The above preview is unformatted text

This student written piece of work is one of many that can be found in our GCSE Green Plants as Organisms section.

Found what you're looking for?

  • Start learning 29% faster today
  • 150,000+ documents available
  • Just £6.99 a month

Not the one? Search for your essay title...
  • Join over 1.2 million students every month
  • Accelerate your learning by 29%
  • Unlimited access from just £6.99 per month

See related essaysSee related essays

Related GCSE Green Plants as Organisms essays

  1. The effect temperature has on the rate of anaerobic respiration in yeast.

    enzymes start to denature and they no longer have a use because the substrate doesn't fit in the enzyme. Evaluation: I ensures safety in the experiment by using goggles to protect my eyes and rubber gloves to protect my hands from the heat of the water when I held the syringe underneath the water.

  2. Investigating the Factors Affecting Respiration in Yeast.

    Next, we place a plastic tube on the nozzle of the syringe and do either of the following: * The carbon dioxide produced will push out of the plastic tube on the nozzle of the syringe. We can count how many bubbles are produced within a given period of time.

  1. What is the effect on the rate of respiration of yeast cells with glucose ...

    4 24 6 35 8 48 10 60 Prediction based on the results of the preliminary experiment I predict that the temperature of the yeast will affect its rate of respiration because enzymes are involved. I predict that the optimum temperature for the respiration of yeast cells is between 35�C and 40�C.

  2. Investigation of the effect of glucose concentration on anaerobic respiration in yeast.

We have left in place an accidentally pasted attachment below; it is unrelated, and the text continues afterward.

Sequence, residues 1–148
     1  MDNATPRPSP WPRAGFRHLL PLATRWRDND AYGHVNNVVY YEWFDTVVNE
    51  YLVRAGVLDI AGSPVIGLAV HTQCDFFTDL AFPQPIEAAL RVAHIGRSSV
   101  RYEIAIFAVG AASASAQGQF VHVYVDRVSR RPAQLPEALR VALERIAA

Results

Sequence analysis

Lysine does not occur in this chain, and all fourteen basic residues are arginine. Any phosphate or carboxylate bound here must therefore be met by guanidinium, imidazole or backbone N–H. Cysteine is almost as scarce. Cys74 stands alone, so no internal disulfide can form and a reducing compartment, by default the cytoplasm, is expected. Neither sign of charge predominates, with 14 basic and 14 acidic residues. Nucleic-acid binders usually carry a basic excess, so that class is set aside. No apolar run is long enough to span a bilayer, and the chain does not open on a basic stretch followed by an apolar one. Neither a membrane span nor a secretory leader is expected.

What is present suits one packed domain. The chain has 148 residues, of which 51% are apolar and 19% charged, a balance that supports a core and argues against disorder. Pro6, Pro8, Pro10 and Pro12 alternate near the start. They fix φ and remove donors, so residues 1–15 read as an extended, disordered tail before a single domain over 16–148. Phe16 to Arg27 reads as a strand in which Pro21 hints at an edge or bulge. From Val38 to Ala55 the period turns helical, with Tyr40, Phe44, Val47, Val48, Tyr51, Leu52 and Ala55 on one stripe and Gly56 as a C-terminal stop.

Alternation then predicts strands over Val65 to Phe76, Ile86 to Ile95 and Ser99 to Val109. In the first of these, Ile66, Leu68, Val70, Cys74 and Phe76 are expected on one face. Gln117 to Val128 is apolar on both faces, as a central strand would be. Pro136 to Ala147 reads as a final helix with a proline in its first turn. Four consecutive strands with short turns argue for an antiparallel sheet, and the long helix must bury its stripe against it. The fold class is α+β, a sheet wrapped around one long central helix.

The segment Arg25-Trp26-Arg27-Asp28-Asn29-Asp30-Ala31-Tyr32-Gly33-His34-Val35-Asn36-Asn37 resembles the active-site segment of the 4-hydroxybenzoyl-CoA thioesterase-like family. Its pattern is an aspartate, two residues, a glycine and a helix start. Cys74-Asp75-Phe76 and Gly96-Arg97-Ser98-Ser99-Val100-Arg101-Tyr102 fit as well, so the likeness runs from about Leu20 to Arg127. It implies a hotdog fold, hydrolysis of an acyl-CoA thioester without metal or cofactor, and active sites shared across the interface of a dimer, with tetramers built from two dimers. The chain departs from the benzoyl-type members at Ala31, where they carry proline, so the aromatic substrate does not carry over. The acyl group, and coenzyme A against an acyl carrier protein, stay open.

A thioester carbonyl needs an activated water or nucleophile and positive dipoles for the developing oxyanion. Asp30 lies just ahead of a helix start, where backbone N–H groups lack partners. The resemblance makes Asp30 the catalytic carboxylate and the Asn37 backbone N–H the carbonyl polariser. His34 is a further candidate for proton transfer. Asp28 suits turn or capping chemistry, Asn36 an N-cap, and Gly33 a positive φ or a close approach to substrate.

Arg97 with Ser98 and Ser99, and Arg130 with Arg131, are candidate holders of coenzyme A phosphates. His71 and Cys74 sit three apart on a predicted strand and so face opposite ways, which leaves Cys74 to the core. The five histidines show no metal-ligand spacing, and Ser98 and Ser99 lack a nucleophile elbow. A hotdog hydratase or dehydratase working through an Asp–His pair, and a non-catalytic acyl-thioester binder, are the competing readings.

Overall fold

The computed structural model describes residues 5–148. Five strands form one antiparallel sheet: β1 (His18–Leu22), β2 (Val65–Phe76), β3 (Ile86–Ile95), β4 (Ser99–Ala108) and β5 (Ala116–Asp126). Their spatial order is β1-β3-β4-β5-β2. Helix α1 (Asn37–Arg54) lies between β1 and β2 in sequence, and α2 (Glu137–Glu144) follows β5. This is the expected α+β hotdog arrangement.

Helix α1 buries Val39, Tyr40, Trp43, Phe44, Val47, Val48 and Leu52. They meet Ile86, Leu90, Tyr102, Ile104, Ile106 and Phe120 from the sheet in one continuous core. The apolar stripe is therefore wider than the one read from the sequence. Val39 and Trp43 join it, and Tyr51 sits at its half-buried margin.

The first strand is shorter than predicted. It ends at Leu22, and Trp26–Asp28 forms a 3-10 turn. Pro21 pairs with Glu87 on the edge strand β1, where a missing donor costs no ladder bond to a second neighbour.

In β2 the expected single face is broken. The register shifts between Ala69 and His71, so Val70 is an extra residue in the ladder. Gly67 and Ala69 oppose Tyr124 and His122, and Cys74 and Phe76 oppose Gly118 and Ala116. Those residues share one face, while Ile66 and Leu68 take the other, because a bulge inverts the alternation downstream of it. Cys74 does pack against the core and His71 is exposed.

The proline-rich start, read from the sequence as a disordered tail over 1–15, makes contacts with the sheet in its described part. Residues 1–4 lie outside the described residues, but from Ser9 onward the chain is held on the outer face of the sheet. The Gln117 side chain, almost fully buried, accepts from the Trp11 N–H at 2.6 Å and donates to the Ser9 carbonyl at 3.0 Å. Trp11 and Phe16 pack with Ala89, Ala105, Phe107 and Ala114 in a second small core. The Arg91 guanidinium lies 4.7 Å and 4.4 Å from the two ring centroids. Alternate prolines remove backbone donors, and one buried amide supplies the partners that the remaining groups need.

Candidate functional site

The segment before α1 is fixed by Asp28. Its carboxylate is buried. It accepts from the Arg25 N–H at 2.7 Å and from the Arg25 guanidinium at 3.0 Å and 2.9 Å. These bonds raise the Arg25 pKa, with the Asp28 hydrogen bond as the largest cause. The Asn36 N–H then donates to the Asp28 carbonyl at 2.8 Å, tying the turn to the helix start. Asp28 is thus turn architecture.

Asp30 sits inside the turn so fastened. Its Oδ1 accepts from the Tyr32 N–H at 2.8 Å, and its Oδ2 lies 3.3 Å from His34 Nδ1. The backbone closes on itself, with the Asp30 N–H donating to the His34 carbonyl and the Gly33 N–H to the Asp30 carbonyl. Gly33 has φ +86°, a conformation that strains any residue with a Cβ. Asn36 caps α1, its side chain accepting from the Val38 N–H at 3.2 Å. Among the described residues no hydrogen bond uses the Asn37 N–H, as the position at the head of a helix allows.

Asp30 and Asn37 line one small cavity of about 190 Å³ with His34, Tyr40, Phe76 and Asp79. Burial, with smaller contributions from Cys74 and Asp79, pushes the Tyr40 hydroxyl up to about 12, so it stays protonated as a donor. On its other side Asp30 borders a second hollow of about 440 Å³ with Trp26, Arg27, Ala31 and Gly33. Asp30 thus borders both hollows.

The concentration of a solution can speed up or slow down the rate of respiration depending on how concentrated the solution is. In the case of my experiment, the strongest concentration speeded up the rate of respiration while the weakest concentration was very slow in producing carbon dioxide thus, showing that the rate of respiration was much slower.

  1. Investigating the effect of concentration of sugar on the respiration rate of yeast

    The high concentration of ethanol produced as a by-product. 2. The temperature of the reaction, as some of the energy produced converts into heat energy. At really high temperatures the reaction will stop because the heat will have denatured the enzymes.

  2. Experiment to investigate the effect of temperature on respiration in yeast.

    The thing that didn't seem to fit which happened in both cases of my experiments was that once the temperature had reached 62 % (which was the end of the respiration) it didn't have any bubbles then when it reached about 70 % it produced a bubbles I think this

  1. Investigating The Fermentation of Yeast

    Next, I shall repeat the experiment a number of times using a mixture which is starts at higher temperatures and see what effect this has on things. Each time I do the experiment I am going to use two test tubes of mixture to try to even out any odd things that might happen.

  2. catalase and hydrgen peroxide

    * Heart will react faster and oxygen bubble production per minute will be twice of that than the aubergine. * The amount of oxygen produced by the aubergine will increase when it is crushed, as the surface area is greater.

  • Over 160,000 pieces
    of student written work
  • Annotated by
    experienced teachers
  • Ideas and feedback to
    improve your own work